To some people, the Volkswagen Golf GTI is the definitive hot hatch. Launched in 1976, it helped to prove that a sensible, front-wheel-drive hatchback could be as fast and as much fun to drive as a sports car, cementing a formula that continues to this day. Here’s how the world’s most recognised hot hatch has evolved.
VOLKSWAGEN GOLF GTI MK1
Not only the original Golf GTI, but by most approximations the original hot hatch as well. The first Golf GTI arrived in 1976 and was the product not of an official factory programme, but a clandestine skunkworks project. A handful of engineers gathered together to develop a high performance version of the dainty Golf hatchback. The results were so spectacular that when the car was eventually presented to the board, it was green-lighted. The earliest cars had a 1.6-litre engine that developed 108bhp.
VOLKSWAGEN GOLF GTI MK2
Picking up where the original Golf GTI left off, the Mk2 model was a little bigger and slightly heavier, but it was scarcely any less fun to drive. It first appeared in 1985 with an eight-valve 1.8-litre engine, good for 110bhp. In very short order it was joined in the range by a more potent version, its 16-valve motor rated at 137bhp. Which was the one to have? The debate goes on to this day.
VOLKSWAGEN GOLF GTI MK3
It was with the third-generation Volkswagen Golf that the GTI’s light began to wane. In quite spectacular fashion, in fact. After a decade and a half of light and nimble GTIs with agile handling, the Mk3 model was heavy, slow, flat-footed and hardly worthy of the badge. Not even a 2.0-litre 16-valve engine with 148bhp could make up for the chassis’ shortcomings. In 1996 VW built 1,000 GTI Anniversary models to celebrate 20 years of the nameplate.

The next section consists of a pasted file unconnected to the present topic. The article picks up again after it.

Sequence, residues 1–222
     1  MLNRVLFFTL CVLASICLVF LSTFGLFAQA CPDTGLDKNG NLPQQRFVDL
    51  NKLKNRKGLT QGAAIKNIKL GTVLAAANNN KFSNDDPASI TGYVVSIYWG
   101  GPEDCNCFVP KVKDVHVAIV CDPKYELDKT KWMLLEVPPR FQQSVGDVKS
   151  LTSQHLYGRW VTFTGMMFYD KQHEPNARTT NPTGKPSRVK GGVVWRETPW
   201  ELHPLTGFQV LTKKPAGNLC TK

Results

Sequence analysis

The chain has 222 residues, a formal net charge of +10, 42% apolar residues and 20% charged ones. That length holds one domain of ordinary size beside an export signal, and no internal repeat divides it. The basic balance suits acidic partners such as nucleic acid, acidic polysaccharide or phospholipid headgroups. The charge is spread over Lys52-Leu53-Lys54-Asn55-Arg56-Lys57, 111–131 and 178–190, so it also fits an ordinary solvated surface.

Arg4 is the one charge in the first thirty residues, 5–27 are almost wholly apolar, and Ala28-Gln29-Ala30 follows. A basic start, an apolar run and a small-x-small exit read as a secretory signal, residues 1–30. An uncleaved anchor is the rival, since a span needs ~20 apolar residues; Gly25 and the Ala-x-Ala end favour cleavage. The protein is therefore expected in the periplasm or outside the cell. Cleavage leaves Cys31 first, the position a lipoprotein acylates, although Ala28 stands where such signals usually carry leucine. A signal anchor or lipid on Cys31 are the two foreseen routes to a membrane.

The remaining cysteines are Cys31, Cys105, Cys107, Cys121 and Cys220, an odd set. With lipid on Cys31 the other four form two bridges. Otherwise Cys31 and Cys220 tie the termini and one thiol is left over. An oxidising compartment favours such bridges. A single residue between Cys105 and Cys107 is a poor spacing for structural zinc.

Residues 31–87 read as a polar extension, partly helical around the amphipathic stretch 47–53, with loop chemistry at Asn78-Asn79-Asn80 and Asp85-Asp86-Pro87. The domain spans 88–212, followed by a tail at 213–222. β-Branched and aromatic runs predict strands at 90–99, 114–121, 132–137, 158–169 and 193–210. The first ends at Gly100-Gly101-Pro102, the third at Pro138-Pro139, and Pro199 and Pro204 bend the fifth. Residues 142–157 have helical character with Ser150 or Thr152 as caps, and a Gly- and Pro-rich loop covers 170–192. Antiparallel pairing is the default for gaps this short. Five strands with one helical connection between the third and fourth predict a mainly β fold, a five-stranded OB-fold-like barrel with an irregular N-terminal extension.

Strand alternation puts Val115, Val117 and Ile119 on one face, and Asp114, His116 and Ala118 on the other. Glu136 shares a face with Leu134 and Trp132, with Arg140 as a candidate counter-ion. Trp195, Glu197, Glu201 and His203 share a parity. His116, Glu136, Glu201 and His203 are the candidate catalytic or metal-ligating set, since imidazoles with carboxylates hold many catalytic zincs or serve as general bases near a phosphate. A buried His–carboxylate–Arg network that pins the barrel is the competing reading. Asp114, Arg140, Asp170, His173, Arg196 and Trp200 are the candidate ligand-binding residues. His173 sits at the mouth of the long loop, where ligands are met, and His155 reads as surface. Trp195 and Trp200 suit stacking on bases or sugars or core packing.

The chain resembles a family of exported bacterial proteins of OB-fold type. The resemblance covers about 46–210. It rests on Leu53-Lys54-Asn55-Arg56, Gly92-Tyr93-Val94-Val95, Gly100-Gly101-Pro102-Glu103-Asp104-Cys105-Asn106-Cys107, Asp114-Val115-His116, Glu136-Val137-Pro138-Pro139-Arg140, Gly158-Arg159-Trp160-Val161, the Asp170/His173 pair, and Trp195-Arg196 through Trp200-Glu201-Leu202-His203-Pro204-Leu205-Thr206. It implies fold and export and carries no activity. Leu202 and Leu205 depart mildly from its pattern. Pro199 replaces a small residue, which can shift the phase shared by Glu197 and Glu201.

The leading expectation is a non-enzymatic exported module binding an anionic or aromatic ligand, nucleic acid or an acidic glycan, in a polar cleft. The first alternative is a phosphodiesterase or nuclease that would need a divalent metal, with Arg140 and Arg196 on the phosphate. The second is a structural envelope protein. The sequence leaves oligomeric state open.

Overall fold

VOLKSWAGEN GOLF GTI MK4
Come the fourth-generation Golf, the GTI’s light had been all but switched off altogether. It arrived in 1998 with bland styling, even stodgier dynamics than the Mk3 it replaced and an underwhelming turbocharged engine. Although the Golf had by now crept upmarket and as an everyday hatchback was arguably the best car of its type, the GTI was anything but. It had become little more than a trim level, much less than the standalone performance model it should have been.
VOLKSWAGEN GOLF GTI MK5
Rarely has there been a more emphatic return to form in the performance car sector than this. The Mk5 GTI debuted at the Paris motor show late in 2004 and when it hit the road soon after, it did so with a set of dynamics the GTI’s originators would have been proud of. With sophisticated multi-link rear suspension, the fifth-generation GTI was a joy to drive, being agile, responsive, poised and well-balanced. It steered beautifully as well and with 197bhp, it was more than quick enough.
VOLKSWAGEN GOLF GTI MK6
A comprehensive facelift of the Mk5 rather than a new car altogether, the Mk6 Golf had much in common with the car it replaced. When the new GTI arrived in 2009, therefore, it was blessed with every one of the Mk5’s many dynamic attributes. Power crept up 207bhp but the basic formula remained the same: strong performance, effortless day-to-day usability and sweet handling with a comfortable ride.
VOLKSWAGEN GOLF GTI MK7
As you’d expect, the most recent generation of Golf GTI is the most advanced and most sophisticated there’s ever been. Powered by a 2.0-litre turbocharged petrol engine that puts out between 217- and 242bhp depending on age and specification, it is effortless quick but not at the cost of refinement. The last of the line GTI TCR model spices things up further with a power hike to 286bhp and a 0-62mph time of 5.6 seconds, and is designed to keep GTI fans happy until the all-new Mk8 version arrives. If there’s been a problem with the Mk7 GTI it is not the car itself, but rather the existence of the latest Golf R, which is more powerful, faster, and arguably better to drive thanks to its all-wheel-drive capability.
Cars Reviews by Manufacturer
In the market for a used car?
CarGurus makes it easy to find great deals from top-rated dealers. CarGurus compares price, detailed vehicle data and dealer reviews to give each used car a deal rating from great to overpriced, and sorts the best deals first. Find out more and begin your used car search at CarGurus.